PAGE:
Streaming at Scale with Event Hub Capture

Probably the easiest way to implement lambda/kappa architectures on Azure

Davide Mauri
Streaming at Scale in Azure


Lately I’ve worked a bit on the Streaming at Scale repository on GitHub in order to add what I feel is probably the easiest options to ingest large amounts of data and query it right away: Event Hub Capture + Apache Spark or Apache Drill. Interested in figuring out how to build a very simple (yet perfectly working) lambda/kappa architecture in just a few minutes? Read on.

Capturing Events

A very nice feature of Event Hub, called Capture, allows the automatic capturing of events streamed through Event Hub. Documentation is great so I really encourage you to take a look at it here:

In brief, you just have to configure how frequently you want to capture to happen, and where you want to save all the event captured in that time frame. That’s it. Output is an Avro file and so it is usable right away by almost any Big Data tools, like Apache Spark or Apache Drill.

Incremental As-Fast-As-Possible ETL/ELT

There are some cases where you don’t really need to do a lot of transformations on the fly. What you really need is to do an incremental load of your data warehouse or data mart. And you want to do it as soon as possible, but you don’t really need it real-time. An update every minute, or even every hour, would be more then enough. The reasons to do that can be various, and both technical or business driven.

I’ll leave business driven ones out of the discussion as it would be of topic: enough to say that each business has its own rhythm-of-business, and you can’t just force it to become a near real-time by putting some technology in place.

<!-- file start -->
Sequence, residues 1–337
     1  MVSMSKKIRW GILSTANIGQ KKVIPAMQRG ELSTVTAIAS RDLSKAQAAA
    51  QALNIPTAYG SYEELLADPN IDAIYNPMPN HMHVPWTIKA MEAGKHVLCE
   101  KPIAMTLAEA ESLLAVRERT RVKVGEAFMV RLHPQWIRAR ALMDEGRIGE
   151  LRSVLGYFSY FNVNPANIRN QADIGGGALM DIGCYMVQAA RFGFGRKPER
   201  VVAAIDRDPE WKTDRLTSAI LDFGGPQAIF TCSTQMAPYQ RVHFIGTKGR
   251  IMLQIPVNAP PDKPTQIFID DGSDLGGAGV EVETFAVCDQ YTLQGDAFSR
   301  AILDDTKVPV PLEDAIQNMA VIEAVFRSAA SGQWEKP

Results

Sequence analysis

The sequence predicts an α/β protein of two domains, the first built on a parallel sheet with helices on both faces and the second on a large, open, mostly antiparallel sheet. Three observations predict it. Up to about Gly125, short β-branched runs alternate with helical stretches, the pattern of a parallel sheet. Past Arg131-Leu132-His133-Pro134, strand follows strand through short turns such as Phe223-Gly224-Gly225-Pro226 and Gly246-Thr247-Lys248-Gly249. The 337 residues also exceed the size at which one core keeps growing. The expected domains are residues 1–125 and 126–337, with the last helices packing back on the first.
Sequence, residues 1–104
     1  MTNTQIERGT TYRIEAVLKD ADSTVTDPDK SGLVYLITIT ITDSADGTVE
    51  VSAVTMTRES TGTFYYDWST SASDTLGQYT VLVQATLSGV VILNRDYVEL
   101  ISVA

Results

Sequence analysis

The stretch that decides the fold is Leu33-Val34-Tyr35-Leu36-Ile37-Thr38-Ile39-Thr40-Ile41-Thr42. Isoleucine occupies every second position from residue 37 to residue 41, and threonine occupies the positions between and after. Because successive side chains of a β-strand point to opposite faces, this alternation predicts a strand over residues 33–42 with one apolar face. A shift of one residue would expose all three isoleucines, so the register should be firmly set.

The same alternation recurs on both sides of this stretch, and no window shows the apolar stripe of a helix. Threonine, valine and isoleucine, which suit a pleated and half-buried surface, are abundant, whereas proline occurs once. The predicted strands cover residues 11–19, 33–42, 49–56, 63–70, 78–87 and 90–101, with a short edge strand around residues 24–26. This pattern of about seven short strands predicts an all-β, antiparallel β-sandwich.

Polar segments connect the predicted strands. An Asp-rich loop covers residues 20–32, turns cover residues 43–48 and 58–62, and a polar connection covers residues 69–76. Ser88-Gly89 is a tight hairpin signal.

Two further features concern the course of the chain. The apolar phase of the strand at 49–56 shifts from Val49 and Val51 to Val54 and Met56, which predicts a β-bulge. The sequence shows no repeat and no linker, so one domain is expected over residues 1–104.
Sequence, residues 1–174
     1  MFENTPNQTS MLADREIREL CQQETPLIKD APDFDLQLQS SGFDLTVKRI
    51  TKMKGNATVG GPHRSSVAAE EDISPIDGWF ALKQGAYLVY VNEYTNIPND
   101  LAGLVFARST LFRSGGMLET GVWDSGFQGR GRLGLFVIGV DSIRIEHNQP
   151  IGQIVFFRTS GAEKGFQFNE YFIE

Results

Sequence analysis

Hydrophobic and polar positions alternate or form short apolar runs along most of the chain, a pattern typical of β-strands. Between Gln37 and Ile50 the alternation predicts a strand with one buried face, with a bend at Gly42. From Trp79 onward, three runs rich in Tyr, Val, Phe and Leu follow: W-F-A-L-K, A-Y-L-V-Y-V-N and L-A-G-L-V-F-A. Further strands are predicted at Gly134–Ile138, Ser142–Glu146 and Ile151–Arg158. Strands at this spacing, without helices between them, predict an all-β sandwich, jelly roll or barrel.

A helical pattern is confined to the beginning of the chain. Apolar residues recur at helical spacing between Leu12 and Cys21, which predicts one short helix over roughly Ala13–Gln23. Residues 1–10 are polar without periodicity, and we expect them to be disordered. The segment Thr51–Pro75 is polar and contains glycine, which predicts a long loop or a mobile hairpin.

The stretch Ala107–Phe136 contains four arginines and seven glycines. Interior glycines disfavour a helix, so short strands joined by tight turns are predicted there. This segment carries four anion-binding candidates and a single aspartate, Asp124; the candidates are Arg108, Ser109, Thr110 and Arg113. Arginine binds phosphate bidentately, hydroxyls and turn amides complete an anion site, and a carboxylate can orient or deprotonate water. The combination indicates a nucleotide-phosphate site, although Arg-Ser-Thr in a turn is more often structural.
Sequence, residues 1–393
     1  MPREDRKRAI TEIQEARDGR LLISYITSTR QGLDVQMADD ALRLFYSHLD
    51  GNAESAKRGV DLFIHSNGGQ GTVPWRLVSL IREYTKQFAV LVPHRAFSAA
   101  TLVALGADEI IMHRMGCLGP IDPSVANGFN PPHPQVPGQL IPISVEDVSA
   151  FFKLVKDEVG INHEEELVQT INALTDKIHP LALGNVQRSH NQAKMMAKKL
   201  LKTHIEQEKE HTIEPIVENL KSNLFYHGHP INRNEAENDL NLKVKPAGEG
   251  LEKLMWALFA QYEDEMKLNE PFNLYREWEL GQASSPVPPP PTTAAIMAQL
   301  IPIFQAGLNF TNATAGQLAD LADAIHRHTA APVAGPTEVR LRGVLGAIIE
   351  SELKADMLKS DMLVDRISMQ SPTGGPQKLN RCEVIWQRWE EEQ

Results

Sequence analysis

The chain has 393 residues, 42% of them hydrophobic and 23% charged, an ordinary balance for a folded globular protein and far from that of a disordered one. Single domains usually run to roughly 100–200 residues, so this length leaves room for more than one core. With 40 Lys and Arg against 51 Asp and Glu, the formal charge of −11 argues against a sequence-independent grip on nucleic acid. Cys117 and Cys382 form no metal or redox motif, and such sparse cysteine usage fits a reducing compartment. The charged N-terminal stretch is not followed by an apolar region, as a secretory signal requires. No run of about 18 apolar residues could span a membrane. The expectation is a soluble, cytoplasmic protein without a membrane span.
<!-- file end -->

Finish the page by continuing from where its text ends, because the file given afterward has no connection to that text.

So let’s focus more on the technical drivers. One of the most common I’ve found is that, sometimes, the overhead to just execute the ETL/ELT can be huge, and doing it for just a few rows coming in in real time is not worth the effort. It is just better to wait for a bucket of data to arrive and the act on the set as a whole. Another reason is the need to invoke some 3rd party system that may not be able to sustain high volumes of small data and so it is just better to, again, gather a bunch of data and then invoke that limited resource once for all gathered data.

I agree that these situations are not that frequent, but they do happen from time to time, so it is good to have a nice way to solve the challenge in a very easy and straightforward way.

Rewinding Time

Another case is that you what the ability to (re)process data sent to Event Hubs that is out of the retention window, which is 7 days maximum at present time.

Event Hubs capture store all ingested data which can be easily replayed just by reading it via any Avro libraries. Here’s an example of how to do it using Python:

This ability can be extremely useful for example when you want to:

  • apply an updated Machine Learning algorithm and see how it behave on historical data so you can verify if it is performing better or not,
  • update partially online system that cannot sync with the ingested data as they are synced once per moth (it may happens when trying to move old legacy to the cloud)
  • use it for testing

Complete Solution

As usual the complete solution is available on GitHub. In the sample I used Apache Drill to show how to consume captured data, since a sample done with Apache Spark would be really really simple, thanks to the tight integration of Azure with Databricks. But let me know (via GitHub Issue) if a Spark sample is needed too. I’ll be happy to add one.



Davide Mauri
Streaming at Scale in Azure

Data Geek, Storyteller, Developer at heart, now infiltrated in Azure SQL product group to make sure developers voice is heard loud and clear. Heavy Metal fan.